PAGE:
clearwell 2013 03 17 07 50 52 UTCI would guess that most of us have seen the movie “iRobot”, where the plastic guy learns and develops a little further than what the designers wanted and started to evolve and learn from its mistakes. Now Symantec has an e-Discovery tool that learns from the patterns of discovery for each case and applies them to the ESI (Electronic Stored Information) to extract your relevant information.

 The Symantec Clearwell system uses technology called “Transparent Predictive Coding”, where the Clearwell system relies on machine-learning technology to train a computer to “predict” how documents should be classified. The Clearwell technology works by relying on input (or “training”) from human reviewers that teach the computer to classify documents as either “responsive” or “nonresponsive” to a particular legal matter.

The technology is exciting for organizations attempting to manage skyrocketing legal costs because the ability to expedite the document review process and find key documents faster has the potential to save organizations thousands of hours of time. In a profession where the cost of reviewing a single gigabyte of data has been estimated to be around $18,000 (R163 000), narrowing days, weeks, or even months of tedious document review into more reasonable time frames means massive savings for thousands of organizations struggling to keep litigation expenditures in check.

How does this Transparent Predictive Coding work?
Let’s start with a manual review of electronically stored information, you would sift through electronic software systems and check for documents that were relevant to the case and then somehow tag those information sources.
Predictive coding technology relies on humans to review a small fraction of the overall document population, which ultimately results in a fraction of the review costs. The process entails feeding decisions about how to classify a small number of case documents called a training set into a computer system.

The computer then relies on the human training decisions to generate a model that is used to predict how the remaining documents should be classified. The information generated by the model can be used to rank, analyze, and review the documents quickly and efficiently.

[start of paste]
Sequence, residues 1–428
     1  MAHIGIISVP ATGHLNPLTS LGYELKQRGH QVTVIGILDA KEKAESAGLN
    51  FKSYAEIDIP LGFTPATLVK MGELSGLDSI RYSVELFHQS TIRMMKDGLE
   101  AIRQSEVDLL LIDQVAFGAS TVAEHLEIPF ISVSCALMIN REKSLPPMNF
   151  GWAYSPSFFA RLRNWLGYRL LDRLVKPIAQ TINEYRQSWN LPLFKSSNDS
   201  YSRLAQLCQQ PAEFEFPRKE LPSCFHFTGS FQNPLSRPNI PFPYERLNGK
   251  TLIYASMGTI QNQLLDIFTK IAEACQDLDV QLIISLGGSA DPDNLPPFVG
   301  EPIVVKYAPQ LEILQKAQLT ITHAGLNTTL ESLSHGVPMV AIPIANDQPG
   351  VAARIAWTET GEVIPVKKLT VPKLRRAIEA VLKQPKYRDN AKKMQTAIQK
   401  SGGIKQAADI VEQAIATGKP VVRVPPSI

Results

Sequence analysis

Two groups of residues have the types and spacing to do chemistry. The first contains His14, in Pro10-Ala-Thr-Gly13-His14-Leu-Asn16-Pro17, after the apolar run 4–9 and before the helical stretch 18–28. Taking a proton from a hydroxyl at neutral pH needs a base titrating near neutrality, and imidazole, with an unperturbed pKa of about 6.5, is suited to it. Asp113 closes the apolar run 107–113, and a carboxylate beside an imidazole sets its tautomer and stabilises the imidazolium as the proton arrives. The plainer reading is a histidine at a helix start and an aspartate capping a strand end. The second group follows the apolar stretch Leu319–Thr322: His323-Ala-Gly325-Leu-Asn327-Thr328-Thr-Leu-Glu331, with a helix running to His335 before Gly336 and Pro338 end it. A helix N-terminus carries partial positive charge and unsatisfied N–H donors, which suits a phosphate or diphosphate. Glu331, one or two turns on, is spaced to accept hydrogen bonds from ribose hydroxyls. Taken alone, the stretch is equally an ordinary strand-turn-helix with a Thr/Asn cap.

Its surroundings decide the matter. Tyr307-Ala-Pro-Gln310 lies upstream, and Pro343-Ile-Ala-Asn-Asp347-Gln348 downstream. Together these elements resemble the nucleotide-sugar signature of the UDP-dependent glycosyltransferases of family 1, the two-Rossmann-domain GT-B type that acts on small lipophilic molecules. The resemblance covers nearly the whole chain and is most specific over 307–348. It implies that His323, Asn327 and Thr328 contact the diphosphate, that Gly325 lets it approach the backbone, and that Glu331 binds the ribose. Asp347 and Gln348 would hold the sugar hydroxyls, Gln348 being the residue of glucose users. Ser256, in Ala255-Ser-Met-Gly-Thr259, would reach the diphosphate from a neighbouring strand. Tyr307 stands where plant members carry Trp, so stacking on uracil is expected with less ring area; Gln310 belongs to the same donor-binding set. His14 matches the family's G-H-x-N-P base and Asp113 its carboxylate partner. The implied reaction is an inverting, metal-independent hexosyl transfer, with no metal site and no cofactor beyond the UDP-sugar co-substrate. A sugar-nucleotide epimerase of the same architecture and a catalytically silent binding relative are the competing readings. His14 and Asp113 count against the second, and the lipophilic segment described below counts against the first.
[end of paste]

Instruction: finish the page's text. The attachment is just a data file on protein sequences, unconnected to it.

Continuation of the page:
Although documents can be coded with multiple designations that relate to various issues in the case during eDiscovery, many times predictive coding technology is simply used to segregate responsive and privileged documents from non-responsive documents in order to expedite and simplify the document review process.

Training the predictive coding system is an iterative process that requires attorneys and their legal teams to evaluate the accuracy of the computer’s document prediction scores at each stage. A prediction score is simply a percentage value assigned to each document that is used to rank all the documents by degree of responsiveness.

If the accuracy of the computer-generated predictions is insufficient, additional training documents can be selected and reviewed to help improve the system’s performance. Multiple training sets are commonly reviewed and coded until the desired performance levels are achieved. Once the desired performance levels are achieved, informed decisions can be made about which documents to produce.

For example, if the legal team’s analysis of the computer’s predictions reveals that within a population of 1 million documents, only those with prediction scores in the 70 percent range and higher appear to be responsive, the team may elect to produce only those 300,000 documents to the requesting party. The financial consequences of this approach are significant because a majority of the documents can be excluded from expensive manual review by humans. The simple rule of thumb in eDiscovery is that the fewer documents requiring human review, the more money saved since document review is typically the most expensive facet of eDiscovery.

transparent predictive coding 2013 03 17 07 50 52 UTC

ALLISON WALTONIn a recent interview with Alison Walton, Symantec’s eDiscovery lawyer said that due to the nature of our legal system, processes and reasons for litigation, South Africa is way behind other countries of the world, but she said that the increase of fraud and corruption in the country will drive products like Clearwell into corporations, who want to eradicate such problems. This will then spill over to the law firms who will then integrate and use these systems to assist in the cases.

The global village of international trading will also assist in spreading the use of e-Discovery systems in South Africa, which is rather poor compared to the rest of the world. (Editor’s comment) It does seem that South Africa is way behind, but the growth in e-Discovery, both as managing and archiving for corporates, and discovery for law firms is going to be huge in the next 3 to 5 years.Mark Smissen

“Symantec is no stranger to South Africa”, says Mark Smissen, Business Development Manager for Southern Africa, who was interviewed with Walton, “our Enterprise Vault .cloud has a number of clients on the service. Our next step with the Clearwell e-Discovery product is to spread the word to existing customers and to introduce this solution to industry leaders – it’s time to release this best-kept secret to the South African market.”



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